Government building doors

Treasury's Obligation Rule: Navigating the SLFRF Guidelines under ARPA

Late last year, the Treasury released an Obligation Interim Final Rule (IFR) which provides clarification on questions surrounding the State and Local Fiscal Recovery Funds (SLFRF) under the American Rescue Plan Act (ARPA) program.

Reallocating or re-obligating funds after the 12/31/24 deadline is allowed but in only specific circumstances.

So, what constitutes an obligation? An “obligation” which the Treasury defines as, “an order placed for property and services and entry into contracts, subawards, and similar transactions that require payment”. Simply put, if payment must legally be made for some good or service, an obligation has been established. A governing body voting to allocate, dedicate, or earmark a purchase or expenditure is not necessarily an obligation – a legal order or contract must be established for an obligation to be made. However, the Treasury is now allowing some exceptions to this obligation rule and deadline of 12/31/24.

What are the exceptions and how can you take advantage of them?

Recipients may obligate and spend SLFRF money after 12/31/24 on the following eligible legal and administrative related costs:

  • reporting and compliance requirements
  • single audit costs
  • record retention and internal control requirements
  • property standards
  • environmental compliance requirements
  • civil rights and nondiscrimination requirements

Eligible costs in these categories would be for in-house staff time or consultant/contractor expenses to satisfy these Federal grants requirements.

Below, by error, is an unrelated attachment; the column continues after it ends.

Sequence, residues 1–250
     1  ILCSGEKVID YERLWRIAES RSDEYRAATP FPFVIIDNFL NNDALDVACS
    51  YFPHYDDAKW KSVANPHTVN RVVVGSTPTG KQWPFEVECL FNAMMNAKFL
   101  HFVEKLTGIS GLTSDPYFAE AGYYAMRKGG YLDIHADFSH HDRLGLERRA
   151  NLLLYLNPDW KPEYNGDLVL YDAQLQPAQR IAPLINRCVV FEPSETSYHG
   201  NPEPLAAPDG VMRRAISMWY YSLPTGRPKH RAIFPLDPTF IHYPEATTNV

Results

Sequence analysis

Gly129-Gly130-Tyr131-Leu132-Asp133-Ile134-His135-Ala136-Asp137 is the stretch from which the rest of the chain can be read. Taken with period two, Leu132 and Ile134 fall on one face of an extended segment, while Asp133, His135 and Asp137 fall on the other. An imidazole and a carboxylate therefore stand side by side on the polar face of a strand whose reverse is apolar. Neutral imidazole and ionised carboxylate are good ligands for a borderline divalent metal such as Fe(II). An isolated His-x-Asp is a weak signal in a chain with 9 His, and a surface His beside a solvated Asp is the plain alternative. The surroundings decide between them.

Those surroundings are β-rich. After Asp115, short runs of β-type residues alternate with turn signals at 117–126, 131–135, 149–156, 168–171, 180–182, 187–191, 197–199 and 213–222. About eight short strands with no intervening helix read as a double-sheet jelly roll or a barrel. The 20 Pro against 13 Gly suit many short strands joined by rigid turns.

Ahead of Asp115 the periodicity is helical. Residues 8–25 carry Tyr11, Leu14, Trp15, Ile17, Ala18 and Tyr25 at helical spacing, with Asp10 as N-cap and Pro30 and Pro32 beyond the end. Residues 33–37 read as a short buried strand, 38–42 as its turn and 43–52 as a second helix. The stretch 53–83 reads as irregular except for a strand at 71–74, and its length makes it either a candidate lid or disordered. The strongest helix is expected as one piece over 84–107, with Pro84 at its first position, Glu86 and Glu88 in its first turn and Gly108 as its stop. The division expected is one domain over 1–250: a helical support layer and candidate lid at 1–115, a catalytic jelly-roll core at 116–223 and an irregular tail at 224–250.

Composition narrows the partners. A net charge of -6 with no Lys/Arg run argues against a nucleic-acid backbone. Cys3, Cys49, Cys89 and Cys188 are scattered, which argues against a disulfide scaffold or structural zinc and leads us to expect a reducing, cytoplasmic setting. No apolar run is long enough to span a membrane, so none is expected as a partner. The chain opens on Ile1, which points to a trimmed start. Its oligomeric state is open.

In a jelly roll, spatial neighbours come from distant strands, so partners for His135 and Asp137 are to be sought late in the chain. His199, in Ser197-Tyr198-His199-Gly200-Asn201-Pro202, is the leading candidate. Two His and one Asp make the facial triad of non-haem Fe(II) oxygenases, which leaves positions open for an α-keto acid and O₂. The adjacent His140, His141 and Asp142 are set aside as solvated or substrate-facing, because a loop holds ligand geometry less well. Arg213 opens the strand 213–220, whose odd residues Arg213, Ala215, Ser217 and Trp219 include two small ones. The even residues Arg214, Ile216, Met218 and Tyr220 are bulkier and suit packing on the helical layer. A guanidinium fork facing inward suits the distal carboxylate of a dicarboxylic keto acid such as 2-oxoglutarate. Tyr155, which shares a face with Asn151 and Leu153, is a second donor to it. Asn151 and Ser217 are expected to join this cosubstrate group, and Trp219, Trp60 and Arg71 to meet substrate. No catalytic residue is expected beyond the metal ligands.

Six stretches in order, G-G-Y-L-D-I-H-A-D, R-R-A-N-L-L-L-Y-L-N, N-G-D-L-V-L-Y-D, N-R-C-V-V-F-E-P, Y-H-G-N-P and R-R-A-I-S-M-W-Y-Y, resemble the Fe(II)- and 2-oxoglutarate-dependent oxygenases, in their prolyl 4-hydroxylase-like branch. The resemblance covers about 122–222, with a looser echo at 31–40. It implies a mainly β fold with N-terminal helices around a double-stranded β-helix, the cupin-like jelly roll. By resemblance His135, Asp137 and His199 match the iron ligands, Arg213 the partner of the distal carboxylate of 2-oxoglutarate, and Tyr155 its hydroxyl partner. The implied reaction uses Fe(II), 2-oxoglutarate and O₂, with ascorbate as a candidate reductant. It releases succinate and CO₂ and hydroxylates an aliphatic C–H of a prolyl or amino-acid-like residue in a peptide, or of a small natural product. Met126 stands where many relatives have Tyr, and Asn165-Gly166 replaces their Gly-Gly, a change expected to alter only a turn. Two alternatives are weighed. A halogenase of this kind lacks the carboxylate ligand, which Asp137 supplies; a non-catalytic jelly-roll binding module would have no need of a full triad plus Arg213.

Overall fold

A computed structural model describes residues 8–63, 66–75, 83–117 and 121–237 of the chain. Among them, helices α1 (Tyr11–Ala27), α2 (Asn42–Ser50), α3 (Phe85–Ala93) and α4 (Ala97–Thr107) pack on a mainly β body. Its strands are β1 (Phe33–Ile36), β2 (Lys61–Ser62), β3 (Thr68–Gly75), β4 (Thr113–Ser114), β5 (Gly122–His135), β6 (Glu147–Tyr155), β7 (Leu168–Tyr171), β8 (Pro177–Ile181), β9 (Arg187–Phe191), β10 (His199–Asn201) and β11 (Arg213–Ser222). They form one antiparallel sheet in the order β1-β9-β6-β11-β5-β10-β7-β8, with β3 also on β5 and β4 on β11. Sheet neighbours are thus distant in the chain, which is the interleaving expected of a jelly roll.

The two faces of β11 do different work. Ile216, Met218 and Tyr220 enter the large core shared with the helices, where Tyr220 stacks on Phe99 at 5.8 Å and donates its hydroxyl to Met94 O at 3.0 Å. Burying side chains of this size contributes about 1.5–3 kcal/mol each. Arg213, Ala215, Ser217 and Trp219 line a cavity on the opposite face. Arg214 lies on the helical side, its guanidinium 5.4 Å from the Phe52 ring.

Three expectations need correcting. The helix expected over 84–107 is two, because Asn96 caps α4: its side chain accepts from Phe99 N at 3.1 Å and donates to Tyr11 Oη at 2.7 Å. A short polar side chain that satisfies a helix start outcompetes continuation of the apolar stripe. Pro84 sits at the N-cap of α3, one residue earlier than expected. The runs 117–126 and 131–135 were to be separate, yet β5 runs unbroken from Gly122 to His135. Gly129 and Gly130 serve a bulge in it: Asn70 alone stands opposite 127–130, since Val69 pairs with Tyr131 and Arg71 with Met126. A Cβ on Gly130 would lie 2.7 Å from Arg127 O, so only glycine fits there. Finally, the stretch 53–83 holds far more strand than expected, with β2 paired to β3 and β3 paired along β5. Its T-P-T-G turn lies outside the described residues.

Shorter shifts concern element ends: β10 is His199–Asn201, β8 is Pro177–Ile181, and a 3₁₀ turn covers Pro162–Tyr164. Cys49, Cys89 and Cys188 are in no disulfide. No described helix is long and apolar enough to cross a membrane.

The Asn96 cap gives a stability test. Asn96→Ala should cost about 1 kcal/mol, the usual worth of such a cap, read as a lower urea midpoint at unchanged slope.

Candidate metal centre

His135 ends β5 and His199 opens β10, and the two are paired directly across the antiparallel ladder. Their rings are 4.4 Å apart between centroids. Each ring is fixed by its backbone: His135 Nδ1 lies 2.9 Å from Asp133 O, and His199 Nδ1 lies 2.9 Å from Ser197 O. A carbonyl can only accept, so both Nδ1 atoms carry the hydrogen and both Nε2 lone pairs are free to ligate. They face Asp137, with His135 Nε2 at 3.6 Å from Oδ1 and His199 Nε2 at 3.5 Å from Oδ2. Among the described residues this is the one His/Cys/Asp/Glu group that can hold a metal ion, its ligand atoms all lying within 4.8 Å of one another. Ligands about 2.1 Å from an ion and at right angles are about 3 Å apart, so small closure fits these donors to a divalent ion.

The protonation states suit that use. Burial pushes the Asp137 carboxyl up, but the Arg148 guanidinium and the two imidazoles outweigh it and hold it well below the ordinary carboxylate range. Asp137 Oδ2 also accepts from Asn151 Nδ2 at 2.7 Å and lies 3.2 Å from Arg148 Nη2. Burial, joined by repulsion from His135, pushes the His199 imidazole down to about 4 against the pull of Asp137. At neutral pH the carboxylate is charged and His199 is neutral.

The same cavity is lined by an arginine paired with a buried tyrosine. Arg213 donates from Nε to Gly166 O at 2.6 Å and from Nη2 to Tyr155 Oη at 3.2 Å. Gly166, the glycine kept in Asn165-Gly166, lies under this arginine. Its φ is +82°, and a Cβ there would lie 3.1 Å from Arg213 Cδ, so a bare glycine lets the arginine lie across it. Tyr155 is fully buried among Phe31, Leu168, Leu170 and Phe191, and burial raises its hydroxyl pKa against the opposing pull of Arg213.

Recipients of SLFRF funds can take advantage of this exception and utilize these funds for administrative costs by following a four-step process:

  1. Estimating the amount needed,
  2. justifying the estimate,
  3. reporting the estimate to the Treasury by specific deadlines (January 31, 2025, for quarterly reporters, and April 30, 2025, for annual reporters),
  4. and detailing the final amount spent at award closeout.

It's not mandatory to estimate all administrative costs, only those intended to be covered by SLFRF funds. The Treasury will issue further instructions on how to report these estimates in the Project and Expenditure Report due by January 31, 2025 (for quarterly reporters) and April 30, 2025 (for annual reporters) and how the final amount expended should be reported in subsequent reports.

New SLFRF guidance

The U.S. Treasury has issued new guidance in the updated SLFRF Final Rule FAQ which aims to clarify obligation of SLFRF funds; below are some important considerations:

  1. Firstly, an interagency agreement is considered an obligation if it imposes conditions on fund usage, governs fund provision for eligible uses, or oversees procurement of goods or services between government entities, provided it also specifies scope of work and project deliverables, is signed by involved parties, and creates binding obligations.
  2. Secondly, personnel costs are considered obligations if the position was established and filled before December 31, 2024, and the obligation extends through December 31, 2026.
  3. Lastly, recipients can use SLFRF funds to cover cost increases in contracts or subawards made by December 31, 2024, for change orders or contingencies specified in the original contract, or for contract amendments within the same scope.
    a. If a contract specifies change orders or contingencies, SLFRF funds can be used to cover these increased costs. These are not new obligations but are linked to existing contracts to address changes or contingencies.